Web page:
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Perfect pitch: how Entrepeneurs Succeed in Raising Capital

Identifying a need of Innovative Companies who were being under-supported and underprepared, and not getting the right advice in raising capital was the catch cry of ANZAtech chief executive Viki Forrest.

Alan Milwidsky of BSI developed the BSI Investment Ready Process, which culminated in those Companies pitching at the BSI Investor Forum. Milwidsky says the BSI Investor Forum gives the entrepeneur an opportunity to pitch to all the key investors in Australia within a number of presentations.

“It is important to realise what may lie ahead …. You have a number of goes at presenting your opportunity – in Sydney, Melbourne and Queensland possibly overseas at events such as the Anzatec Gateway to the USA Conference Program, and the soon to be launched BSI Asia Investor Forum.” Says Milwidsky

The Perfect Pitch

The first couple of minutes of any presentation are vital.

You have to make an impression and to do that you have to focus the presentation on the crystal clear idea that will excite the audience and win the business.

You need to have in one sentence what your business does…

Cisco “networking for networks” ,
BSI “help your business grow”,
Google – “Internet is about finding places and things and connecting people”,
Seqoui Capital – “ We are the entrepeneurs that help entrepeneurs”

People have to get in one sentence what you are about – “they need to get it”. If it is too confusing in the beginning – they lose interest.

The target audience needs to feel excited and inspired. “You have to get people’s attention and be compelling,” says Kaye

It usually takes many pitches to get a nibble. There is discipline involved in making the perfect pitch and deciding what should go in and what should be left out.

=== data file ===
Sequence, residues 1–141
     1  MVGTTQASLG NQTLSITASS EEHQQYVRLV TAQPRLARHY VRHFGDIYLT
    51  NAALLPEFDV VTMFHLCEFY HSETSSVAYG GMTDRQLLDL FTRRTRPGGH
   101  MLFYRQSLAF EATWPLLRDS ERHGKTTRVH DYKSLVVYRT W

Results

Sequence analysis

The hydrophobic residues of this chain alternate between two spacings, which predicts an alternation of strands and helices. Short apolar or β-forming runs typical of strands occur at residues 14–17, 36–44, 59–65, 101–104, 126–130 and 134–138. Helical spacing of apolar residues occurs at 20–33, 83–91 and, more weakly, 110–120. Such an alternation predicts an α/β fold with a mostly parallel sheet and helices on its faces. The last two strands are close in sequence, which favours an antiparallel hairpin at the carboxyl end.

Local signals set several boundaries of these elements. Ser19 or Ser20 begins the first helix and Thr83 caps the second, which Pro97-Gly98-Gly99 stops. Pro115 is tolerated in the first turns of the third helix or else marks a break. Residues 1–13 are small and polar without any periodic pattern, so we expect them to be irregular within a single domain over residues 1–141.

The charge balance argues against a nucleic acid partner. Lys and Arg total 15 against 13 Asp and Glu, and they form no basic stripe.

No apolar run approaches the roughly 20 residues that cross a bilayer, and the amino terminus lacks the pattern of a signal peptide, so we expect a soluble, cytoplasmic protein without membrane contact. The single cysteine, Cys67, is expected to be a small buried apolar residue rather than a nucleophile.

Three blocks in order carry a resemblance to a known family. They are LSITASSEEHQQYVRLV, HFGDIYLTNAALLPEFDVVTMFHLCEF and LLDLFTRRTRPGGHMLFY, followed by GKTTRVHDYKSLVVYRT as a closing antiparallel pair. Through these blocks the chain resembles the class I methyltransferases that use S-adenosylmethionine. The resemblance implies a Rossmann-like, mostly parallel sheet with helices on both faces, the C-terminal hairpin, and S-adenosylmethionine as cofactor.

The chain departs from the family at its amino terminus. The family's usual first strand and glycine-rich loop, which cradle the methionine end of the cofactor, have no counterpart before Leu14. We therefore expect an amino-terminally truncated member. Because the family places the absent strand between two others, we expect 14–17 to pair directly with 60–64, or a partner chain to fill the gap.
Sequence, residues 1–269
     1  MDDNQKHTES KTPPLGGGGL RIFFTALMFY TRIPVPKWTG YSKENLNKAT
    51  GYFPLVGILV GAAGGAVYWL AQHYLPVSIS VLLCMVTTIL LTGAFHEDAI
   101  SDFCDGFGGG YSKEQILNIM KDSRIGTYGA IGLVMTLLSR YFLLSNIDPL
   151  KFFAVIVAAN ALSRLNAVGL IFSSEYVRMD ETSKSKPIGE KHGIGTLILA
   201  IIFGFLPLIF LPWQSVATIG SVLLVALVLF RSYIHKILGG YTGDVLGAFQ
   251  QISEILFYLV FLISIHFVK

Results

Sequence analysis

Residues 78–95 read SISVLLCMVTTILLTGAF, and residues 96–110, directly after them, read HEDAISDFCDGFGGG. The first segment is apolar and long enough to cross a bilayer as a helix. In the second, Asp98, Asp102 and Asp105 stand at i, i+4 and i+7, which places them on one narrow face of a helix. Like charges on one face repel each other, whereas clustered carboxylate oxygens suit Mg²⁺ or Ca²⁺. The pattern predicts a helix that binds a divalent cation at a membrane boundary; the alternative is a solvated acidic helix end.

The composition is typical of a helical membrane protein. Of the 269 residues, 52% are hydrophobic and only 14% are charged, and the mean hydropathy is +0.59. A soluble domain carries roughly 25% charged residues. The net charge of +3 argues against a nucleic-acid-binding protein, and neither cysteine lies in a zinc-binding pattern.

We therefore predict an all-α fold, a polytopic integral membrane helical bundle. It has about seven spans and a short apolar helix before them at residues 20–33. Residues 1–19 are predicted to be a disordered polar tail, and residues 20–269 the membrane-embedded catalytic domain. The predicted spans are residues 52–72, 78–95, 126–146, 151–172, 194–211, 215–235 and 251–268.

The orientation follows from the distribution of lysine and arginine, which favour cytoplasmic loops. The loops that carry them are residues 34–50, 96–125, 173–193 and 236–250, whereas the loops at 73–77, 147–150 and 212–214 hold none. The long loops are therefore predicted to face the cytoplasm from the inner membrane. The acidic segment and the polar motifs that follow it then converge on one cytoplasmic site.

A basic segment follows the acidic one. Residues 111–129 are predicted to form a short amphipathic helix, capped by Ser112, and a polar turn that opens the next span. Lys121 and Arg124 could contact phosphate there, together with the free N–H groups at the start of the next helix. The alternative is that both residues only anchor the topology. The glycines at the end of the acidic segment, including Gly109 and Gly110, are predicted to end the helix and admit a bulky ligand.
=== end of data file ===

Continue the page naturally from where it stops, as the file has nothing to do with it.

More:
It is important to get across the quality of the entrepeneur and team. It is the people in the Company that will make the business succesful.

Powerpoint presentations need to be succinct and to the point. There should be only 8 slides for a 12-minute presentation and each slide should have no more than six lines of text and six words to the line.

A demonstration of the product can also be helpful to show how it works and how it can make a difference. The presentation should be interesting and even entertaining, but being too entertaining can affect your credibility.

Enthusiasm should be tempered along with commercial ability.
Having the whole team present can help show that the company has the ability to execute and deliver.

If there is interest, you will need to do 1 on 1 presentations, and be prepared to adjust and improve your presentation as you go. You will need to have detailed documentation and substance backing your presentation.

Examples of succesful Company pitches that come to mind include – B Code, Emailcash, IMCEDA, Netreturn and Looksmart.

Ivan Kaye a Director of BSI and early-stage technology Fund Australian Distributed Incubator says that too often, people will spend ages talking about technology. People are not interested in the technology – they want the solution. What does the technology do to solve a customer’s pain or need? Why will your customers buy from you? Have you got what it takes to build a great company, or have you got what a great company will be looking for ( a potential exit?) “We are specialists in investing, not in individual technologies. Technology is important but it is only one of the relevant criterias,” he says.

“I have heard hundreds of pitches, many of those that have left me dissappointed by the lack of preparation and planning. A good pitch is the first hurdle to jump through to be in the running for a potential investment ,” he says. “It amazes me how often a potentially great opportunity gets knocked back as a result of a poor pitch. It can be extremely frustrating. A bad presentation will not give the potential investor confidence.”
Kaye says the result of poor preparation often shows up during question time when the entrepeneur reacts negatively to questions. If the target audience is asking the wrong questions, it’s because the pitch wasn’t clear.

The following points that need to be addressed include:

what your offering is;
does the company have the ability to deliver on the proposed business opportunity.
what are the benefits of realising the opportunity?
how much money you want and what you are going to do with it,
how much is the investor going to make
what are the risks.

The perfect pitch, Kaye says, must address all of these succinctly but be supported by detail.

Posted on September 10, 2006

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